Indian Army Divisions
The Division is lowest (or the highest, depending on the viewpoint) individual formation. They integrate in themselves all arms and services for sustained independent operations. Each Division composes of several Brigades. Divisions are designated by function, terrain of operation, or by their equipment mix. The Army has in its Order of Battle mountain divisions, infantry divisions, armoured divisions (in which tank units predominate). An Infantry Division typically has about 15,500 combat troops, with 8,000 support elements (artillery, engineers, etc). It consists of 3 to 5 Infantry Brigades, an Armoured Regiment and an Artillery Brigade.
The old Indian Army prior to 15 August, 1947, was divided into three Commands Northern, Southern and Eastern. A fourth, Central Command, was raised during the war and disbanded in September, 1946. Of the Indian divisions which took part in the World War II, the 6th, 8th, 10th, 14th, 17th, 19th, 20th, 23rd, 25th, 26th and 39th were disbanded, those remaining being the 4th, 5th, 7th Infantry Divisions, 1st Armoured Division and the 2nd Airborne Division.
By 1984 the Army was composed of 2 armored divisions, 17 infantry divisions, and 10 mountain divisions [29 Divisions in total], 5 independent armored brigades, 1 independent infantry brigade, and 1 parachute brigade. Attached to these formations were divisional and corps artillery assets and 14 independent artillery brigades. Approximately 25 percent of the Indian Army was poised on the Indo-Chinese border while the remainder faced Pakistan or was in reserve.
In 2002 the army had 1,100,000 personnel, by one report in five regional command with 12 corps with 3 armored divisions, 4 RAPID light mechanized divisions, 18 infantry divisions, 9 mountain divisions, and 15 independent brigades (7 armored) - for a total of 34 divisions. Another report said they were organized into three armored divisions, one mechanized division, 18 infantry divisions, nine mountain divisions [for a total of 31 divisions, not counting 4 RAPID divisions], five independent armored brigades, five independent infantry brigades, three independent artillery brigades, four air defense brigades, and three engineer brigades. The divisions are numbered consecutively from 1 through 29, skipping 13, and with no apparent pattern for the remaining divisions, save that the two artillery divisions are numbered 40 and 41.
Accounts differ as to how many Divisions are in the Indian Army as of 2008, with some reports saying as few as 34 divisions and other reports saying the Indian Army has as many as 37 Divisions. Wikki sources report that the 34 divisions include:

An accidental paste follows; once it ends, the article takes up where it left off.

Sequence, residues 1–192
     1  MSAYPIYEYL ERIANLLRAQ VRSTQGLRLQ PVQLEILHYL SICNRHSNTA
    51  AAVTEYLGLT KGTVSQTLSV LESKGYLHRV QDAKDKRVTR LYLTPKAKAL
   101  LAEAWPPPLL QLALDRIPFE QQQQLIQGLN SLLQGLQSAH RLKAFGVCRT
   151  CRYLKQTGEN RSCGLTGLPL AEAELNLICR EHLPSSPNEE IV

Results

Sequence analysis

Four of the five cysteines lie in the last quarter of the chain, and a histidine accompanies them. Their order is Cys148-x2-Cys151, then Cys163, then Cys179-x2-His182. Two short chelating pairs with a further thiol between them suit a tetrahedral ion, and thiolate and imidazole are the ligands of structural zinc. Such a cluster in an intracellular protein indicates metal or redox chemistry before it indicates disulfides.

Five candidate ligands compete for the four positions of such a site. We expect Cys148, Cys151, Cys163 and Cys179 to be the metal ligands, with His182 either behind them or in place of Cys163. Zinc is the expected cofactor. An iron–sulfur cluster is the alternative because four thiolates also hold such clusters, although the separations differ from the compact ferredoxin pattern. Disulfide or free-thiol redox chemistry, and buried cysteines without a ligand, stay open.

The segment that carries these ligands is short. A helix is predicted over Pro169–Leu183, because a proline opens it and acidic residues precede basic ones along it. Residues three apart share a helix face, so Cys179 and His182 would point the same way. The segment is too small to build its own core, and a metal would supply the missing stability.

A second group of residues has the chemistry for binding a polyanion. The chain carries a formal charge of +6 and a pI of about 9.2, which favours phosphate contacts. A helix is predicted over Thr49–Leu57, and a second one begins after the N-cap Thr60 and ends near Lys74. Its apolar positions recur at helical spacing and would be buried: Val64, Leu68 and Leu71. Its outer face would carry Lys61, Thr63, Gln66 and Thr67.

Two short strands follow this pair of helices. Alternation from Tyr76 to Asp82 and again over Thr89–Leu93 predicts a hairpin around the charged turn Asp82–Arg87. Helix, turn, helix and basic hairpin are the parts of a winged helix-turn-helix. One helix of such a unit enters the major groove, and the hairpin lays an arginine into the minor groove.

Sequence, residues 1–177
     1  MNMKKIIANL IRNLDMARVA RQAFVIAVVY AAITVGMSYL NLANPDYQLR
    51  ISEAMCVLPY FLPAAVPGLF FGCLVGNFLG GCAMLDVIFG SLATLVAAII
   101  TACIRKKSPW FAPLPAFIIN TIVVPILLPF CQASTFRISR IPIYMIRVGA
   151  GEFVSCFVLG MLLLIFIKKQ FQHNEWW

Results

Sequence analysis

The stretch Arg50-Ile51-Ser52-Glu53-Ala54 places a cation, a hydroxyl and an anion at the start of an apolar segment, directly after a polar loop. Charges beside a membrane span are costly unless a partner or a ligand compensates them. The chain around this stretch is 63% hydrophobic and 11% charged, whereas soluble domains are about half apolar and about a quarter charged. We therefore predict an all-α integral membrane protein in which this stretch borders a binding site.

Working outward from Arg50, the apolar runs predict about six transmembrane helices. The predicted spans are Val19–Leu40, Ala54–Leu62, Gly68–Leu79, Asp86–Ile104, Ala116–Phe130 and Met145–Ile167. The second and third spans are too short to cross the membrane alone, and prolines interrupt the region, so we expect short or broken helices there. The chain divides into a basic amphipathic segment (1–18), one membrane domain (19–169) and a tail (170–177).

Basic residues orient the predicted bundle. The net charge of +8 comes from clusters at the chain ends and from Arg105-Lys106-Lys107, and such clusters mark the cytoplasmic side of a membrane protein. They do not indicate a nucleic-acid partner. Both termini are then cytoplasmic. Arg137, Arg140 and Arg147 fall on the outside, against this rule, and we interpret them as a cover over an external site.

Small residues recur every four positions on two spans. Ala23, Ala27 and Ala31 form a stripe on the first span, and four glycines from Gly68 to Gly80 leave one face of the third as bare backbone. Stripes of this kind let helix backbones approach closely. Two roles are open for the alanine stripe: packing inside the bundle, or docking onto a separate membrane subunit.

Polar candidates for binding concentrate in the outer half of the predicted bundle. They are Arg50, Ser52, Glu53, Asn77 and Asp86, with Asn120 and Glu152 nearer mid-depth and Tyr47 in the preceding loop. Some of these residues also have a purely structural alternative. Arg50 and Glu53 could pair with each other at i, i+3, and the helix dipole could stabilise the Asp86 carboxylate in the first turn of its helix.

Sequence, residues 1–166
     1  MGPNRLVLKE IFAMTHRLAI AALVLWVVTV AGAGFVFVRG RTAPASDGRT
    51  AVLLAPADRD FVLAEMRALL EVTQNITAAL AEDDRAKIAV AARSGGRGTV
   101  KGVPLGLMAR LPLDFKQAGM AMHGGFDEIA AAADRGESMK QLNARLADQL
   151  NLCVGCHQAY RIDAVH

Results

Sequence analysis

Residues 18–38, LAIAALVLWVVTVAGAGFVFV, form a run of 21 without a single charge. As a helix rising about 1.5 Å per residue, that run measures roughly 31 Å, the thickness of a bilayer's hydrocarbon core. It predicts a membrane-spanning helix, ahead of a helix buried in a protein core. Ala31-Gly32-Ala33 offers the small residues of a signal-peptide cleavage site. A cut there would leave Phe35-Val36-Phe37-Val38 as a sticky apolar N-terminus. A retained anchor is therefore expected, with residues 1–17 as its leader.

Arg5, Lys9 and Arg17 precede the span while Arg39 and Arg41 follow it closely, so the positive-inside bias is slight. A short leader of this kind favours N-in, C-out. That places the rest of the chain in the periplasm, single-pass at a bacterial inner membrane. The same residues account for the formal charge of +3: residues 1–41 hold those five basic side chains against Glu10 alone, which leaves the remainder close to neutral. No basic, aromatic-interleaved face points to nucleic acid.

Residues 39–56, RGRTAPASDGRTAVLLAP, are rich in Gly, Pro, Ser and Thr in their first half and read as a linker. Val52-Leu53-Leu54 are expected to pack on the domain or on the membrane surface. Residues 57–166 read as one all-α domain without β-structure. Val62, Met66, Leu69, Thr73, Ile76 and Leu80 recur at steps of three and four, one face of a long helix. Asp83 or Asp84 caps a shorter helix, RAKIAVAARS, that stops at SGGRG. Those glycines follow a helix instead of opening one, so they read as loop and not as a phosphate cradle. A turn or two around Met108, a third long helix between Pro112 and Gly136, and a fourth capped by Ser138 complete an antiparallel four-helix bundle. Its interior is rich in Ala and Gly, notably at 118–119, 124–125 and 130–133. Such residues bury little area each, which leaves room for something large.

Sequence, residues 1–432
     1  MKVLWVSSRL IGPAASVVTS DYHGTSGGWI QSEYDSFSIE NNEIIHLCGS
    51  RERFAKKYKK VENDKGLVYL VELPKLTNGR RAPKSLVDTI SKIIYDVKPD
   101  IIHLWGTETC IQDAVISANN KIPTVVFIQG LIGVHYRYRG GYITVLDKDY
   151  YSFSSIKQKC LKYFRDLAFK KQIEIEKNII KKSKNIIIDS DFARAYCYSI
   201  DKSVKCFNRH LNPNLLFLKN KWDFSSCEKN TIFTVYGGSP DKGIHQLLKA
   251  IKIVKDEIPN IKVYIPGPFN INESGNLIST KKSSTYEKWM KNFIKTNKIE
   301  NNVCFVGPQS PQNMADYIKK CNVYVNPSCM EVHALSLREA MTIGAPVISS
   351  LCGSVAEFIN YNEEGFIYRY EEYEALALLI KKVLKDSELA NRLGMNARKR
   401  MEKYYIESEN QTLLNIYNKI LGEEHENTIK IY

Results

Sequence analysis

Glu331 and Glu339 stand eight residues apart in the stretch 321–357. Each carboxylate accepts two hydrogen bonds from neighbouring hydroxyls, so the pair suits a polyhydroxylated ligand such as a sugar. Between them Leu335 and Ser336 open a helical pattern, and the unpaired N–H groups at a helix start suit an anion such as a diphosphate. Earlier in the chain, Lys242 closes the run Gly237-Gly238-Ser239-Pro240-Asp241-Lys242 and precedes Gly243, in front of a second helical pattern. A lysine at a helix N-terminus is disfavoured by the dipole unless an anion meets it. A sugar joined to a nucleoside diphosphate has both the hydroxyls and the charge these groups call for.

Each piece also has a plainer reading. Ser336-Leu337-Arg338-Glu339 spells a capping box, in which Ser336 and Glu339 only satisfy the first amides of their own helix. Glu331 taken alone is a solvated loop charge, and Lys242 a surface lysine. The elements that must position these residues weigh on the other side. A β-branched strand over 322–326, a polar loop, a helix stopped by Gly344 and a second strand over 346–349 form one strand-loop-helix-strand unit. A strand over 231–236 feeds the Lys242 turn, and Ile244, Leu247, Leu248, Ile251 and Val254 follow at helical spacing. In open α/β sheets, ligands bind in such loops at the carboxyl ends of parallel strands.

- 18 Infantry Divisions
- 10 Mountain Divisions
- 4 RAPID (Re-organised Army Plains Infantry Divisions) Action Divisions
- 3 Armoured Divisions
- 2 Artillery Divisions
It will be seen that this amounts to 37 divisions, not 34, though readily available lists enumerate 36 divisions. From this perspective, the discrepancy between 36 identifiable divisions and 37 total divisions amounts to one Infantry Division, since only 17 can be identified. And the discrepancy between 36 identifiable divisions and 34 reported total divisions are the two artillery divisions, which are not always counted along with maneuver [armour, infantry, etc] divisions.
Mountain units may serve in other terrain when circumstances dictate, and thus all may not be prepared for immediate operations at high altitude. It was announced in February 2008 that establishment approval was being sought for the raising of two further mountain divisions.
In the 1980s 33 Division was formed as a mechanized division (in which mechanized infantry units predominate), but this type of formation was found not particularly useful and 33 Division was reformed as an Armored Division.
Krishnaswami Sundarji [died New Delhi 8 February 1999] was India's most brilliant, ambitious and controversial chief of army staff. In 1976 Sundarji became the first infantry officer to command an armoured division. During his three-year tenure he realised his ambition of raising the desperately needed mechanised infantry regiment. Sundarji took this forward in the '80s to shape the army's perspective, the Army Plan 2000, which outlined a new mobile strategy based on tanks, firepower and enhanced communications. Reorganised Army Plains Infantry Division (RAPID) formations, a brainchild of General Sundarji, have three brigades - two mechanised infantry and one armoured. Four infantry divisions were converted into the Reorganised Army Plains Infantry Division (RAPIDS). Night fighting capabilities have been enhanced through third generation passive devices and thermal imaging systems. Sophisticated VHF and HF equipment have been developed to produce jam resistant frequency hopping sets while different kinds of indigenous radar will boost the air defence and artillery capabilities. These RAPID divisions were essentially infantry divisions with one mechanized brigade which would give the division greater mobility. The divisional structure was reduced by a brigade, on the assumption that the manpower reduction would be offset by various force multipliers and surveillance. Needless to say, the Army waited in vain, for the financial resources for this technological makeover were simply never allotted.
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